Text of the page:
New figures from NHS Improvement reveal that the NHS staffing crisis is worsening, with nursing experiencing the most severe shortages.
On average, 1 in 11 posts are vacant despite efforts by ministers and NHS leaders to tackle chronic staff shortages.
‘This report paints a bleak picture of rising demand and unsustainable workforce shortages, and betrays a huge over-reliance on bank and agency staff in England. The Government must immediately investigate this sudden spike in vacancies,’ said Tom Sandford, director of the Royal College of Nursing (RCN).
The data, which analysed the April to June 2018 period, shows that 11.8% of nursing posts are not filled, creating a total shortage of 42,000 – which means that nursing vacancy rates are up 17% since the previous quarter and 9% from the same time last year.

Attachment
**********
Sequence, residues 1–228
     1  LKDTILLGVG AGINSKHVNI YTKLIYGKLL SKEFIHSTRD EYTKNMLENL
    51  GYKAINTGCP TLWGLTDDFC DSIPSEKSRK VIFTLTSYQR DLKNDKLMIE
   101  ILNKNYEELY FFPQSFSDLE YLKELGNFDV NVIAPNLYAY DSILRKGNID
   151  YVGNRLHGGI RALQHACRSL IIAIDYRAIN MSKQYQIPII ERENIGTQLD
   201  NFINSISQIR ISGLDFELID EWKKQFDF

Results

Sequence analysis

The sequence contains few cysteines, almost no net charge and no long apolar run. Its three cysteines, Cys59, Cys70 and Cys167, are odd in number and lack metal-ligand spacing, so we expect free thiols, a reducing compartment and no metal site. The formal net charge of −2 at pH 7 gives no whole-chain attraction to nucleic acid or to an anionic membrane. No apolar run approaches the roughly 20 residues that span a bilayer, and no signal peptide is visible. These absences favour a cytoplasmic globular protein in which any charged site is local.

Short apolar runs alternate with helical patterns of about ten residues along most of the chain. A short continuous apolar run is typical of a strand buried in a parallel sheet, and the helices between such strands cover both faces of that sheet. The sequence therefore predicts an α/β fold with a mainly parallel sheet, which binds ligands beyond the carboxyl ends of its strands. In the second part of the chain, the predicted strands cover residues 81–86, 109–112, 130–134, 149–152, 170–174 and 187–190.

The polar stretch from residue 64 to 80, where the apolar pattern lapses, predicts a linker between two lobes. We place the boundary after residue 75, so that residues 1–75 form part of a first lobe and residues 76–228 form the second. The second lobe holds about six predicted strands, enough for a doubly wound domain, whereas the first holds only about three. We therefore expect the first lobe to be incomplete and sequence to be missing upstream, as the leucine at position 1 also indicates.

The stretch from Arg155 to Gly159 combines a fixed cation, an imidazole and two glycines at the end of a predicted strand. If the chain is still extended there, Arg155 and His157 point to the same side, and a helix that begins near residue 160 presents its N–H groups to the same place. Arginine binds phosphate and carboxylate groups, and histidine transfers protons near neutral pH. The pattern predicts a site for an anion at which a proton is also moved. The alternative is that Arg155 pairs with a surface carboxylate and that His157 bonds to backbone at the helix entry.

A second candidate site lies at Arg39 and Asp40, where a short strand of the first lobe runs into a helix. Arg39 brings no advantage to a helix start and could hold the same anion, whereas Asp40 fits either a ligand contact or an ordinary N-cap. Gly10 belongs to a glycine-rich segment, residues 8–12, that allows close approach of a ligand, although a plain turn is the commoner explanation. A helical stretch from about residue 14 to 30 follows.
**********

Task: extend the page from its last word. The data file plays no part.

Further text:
‘Widespread and growing nursing shortages now risk becoming a national emergency and are symptomatic of a long-term failure in workforce planning, which has been exacerbated by the impact of Brexit and short-sighted immigration policies,’ said Siva Anandaciva, chief analyst at The King’s Fund, a healthcare think tank.
‘The new funding settlement announced by the government is very welcome, but it is not a panacea for the pressures facing the NHS. Today’s report is a reminder that the forthcoming NHS long-term plan must focus on reform and investment in new ways of delivering services otherwise the NHS will be trapped in a perpetual winter crisis.’
The RCN says that a comprehensive workforce plan is needed to respond to the high demand of health services to ensure safe and effective patient care.
In addition to workforce data, the report also showed a total deficit of £519 million has been forecast for this year but this is lower than the deficit has been in the previous 3 years. Overall, 9.2% of all posters were not filled across the NHS, creating a shortage of nearly 108,000 employees.